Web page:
Computer games to improve children’s maths and science achievement

An independent evaluation of Stop and Think: Learning Counterintuitive Concepts has found evidence of a positive impact in maths and science outcomes for pupils in Key Stage 2.

The Learning Counterintuitive Concepts project, funded by the Education Endowment Foundation and Wellcome, aimed to improve science and maths achievement for Year 3 (7–8 year olds) and Year 5 (9–10 year olds) using an intervention called Stop and Think. When learning new concepts in science and maths, pupils must be able to inhibit prior contradictory knowledge and misconceptions to acquire new knowledge successfully. Stop and Think is a computer-assisted learning activity that aims to improve a learner’s ability to adapt to counterintuitive concepts by training them to inhibit their initial response, and instead, give a slower and more reflective answer.

The randomised controlled trial involved 6,672 children from 89 schools across England. The intervention was delivered to the whole class and consisted of 30 sessions delivered for a maximum of 15 minutes, three times a week, for 10 weeks at the start of maths or science lessons.

The results suggest that pupils who participated in Stop and Think made more progress in science and maths on average, compared to children in the business-as-usual control group.  The combined effect size across the two year groups for maths was +0.09 and +0.12 for science.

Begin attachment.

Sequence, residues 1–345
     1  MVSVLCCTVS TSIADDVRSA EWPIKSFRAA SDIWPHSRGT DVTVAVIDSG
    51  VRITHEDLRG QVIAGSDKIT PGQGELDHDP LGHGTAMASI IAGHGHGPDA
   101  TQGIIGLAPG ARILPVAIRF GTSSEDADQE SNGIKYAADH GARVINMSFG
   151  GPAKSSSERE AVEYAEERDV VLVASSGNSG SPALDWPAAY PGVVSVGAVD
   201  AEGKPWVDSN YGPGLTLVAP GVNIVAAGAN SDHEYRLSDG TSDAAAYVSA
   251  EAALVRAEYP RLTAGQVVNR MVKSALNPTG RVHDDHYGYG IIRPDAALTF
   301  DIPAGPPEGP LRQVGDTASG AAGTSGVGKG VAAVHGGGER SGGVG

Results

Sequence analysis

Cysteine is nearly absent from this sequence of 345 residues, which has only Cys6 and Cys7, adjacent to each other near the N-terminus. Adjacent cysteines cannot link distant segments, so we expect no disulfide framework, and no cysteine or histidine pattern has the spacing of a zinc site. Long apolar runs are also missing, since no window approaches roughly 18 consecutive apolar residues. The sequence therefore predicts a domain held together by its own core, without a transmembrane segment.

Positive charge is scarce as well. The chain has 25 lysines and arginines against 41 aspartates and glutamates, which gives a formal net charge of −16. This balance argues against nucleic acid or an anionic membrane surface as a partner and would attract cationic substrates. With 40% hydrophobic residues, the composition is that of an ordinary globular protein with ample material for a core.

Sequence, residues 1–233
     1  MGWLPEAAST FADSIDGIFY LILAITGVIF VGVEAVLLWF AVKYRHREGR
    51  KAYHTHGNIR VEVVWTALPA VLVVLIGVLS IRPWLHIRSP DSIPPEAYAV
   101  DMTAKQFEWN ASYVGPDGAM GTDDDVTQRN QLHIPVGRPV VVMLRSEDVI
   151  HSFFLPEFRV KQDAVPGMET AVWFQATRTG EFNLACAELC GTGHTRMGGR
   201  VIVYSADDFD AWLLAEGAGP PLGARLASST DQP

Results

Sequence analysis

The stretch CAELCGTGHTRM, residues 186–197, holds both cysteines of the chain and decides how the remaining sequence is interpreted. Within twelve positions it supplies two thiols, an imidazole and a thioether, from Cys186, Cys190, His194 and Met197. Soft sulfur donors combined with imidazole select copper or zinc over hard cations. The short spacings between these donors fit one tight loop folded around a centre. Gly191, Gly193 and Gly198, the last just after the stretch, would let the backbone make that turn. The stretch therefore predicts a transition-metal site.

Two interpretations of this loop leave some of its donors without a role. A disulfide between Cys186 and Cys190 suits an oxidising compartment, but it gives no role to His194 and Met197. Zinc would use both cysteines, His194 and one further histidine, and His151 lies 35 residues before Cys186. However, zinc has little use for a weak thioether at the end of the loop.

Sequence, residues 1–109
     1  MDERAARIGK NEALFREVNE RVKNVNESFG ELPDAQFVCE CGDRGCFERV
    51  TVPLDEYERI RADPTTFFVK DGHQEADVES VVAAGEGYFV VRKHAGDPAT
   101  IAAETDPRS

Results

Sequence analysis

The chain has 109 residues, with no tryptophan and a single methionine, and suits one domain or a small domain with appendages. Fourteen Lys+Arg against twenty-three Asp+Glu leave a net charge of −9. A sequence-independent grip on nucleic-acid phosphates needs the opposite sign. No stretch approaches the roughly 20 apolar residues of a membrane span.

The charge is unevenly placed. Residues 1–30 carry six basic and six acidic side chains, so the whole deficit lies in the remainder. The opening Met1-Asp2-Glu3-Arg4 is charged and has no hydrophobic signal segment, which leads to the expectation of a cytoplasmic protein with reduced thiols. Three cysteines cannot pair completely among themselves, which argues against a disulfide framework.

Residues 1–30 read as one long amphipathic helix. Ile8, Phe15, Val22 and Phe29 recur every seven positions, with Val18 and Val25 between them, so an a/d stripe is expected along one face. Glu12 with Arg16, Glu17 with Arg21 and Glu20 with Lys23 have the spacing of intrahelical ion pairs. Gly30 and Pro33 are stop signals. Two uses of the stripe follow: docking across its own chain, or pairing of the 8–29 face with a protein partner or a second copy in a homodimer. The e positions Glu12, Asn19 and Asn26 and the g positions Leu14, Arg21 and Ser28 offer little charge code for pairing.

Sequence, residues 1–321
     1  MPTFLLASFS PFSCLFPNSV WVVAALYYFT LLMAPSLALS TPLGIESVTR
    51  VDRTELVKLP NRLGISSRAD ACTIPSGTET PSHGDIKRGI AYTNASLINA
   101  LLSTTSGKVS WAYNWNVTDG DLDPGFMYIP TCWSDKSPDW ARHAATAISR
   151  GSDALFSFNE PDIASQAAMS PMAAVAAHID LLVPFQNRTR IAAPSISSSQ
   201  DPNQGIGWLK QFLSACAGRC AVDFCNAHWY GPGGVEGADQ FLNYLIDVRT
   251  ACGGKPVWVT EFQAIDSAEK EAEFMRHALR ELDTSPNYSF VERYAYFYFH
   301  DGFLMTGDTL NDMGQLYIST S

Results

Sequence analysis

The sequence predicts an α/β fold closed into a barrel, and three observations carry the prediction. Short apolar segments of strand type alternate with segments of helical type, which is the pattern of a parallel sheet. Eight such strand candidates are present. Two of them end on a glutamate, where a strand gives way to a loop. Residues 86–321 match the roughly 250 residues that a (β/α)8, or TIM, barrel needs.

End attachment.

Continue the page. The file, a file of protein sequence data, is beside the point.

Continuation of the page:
To check whether this impact was due to the Stop and Think game specifically, or was a result of the extra pupil engagement and motivation arising from having a fun computer-based activity at the start of lessons more generally, schools were offered an alternative computer-based programme that did not include any content from Stop and Think. Intervention-group pupils also made more progress than pupils in this “active” control group. The combined effect sizes for maths and science were +0.13 and +0.15 respectively.

Source: Stop and Think: Learning counterintuitive concepts. Evaluation report (September 2019), Education Endowment Foundation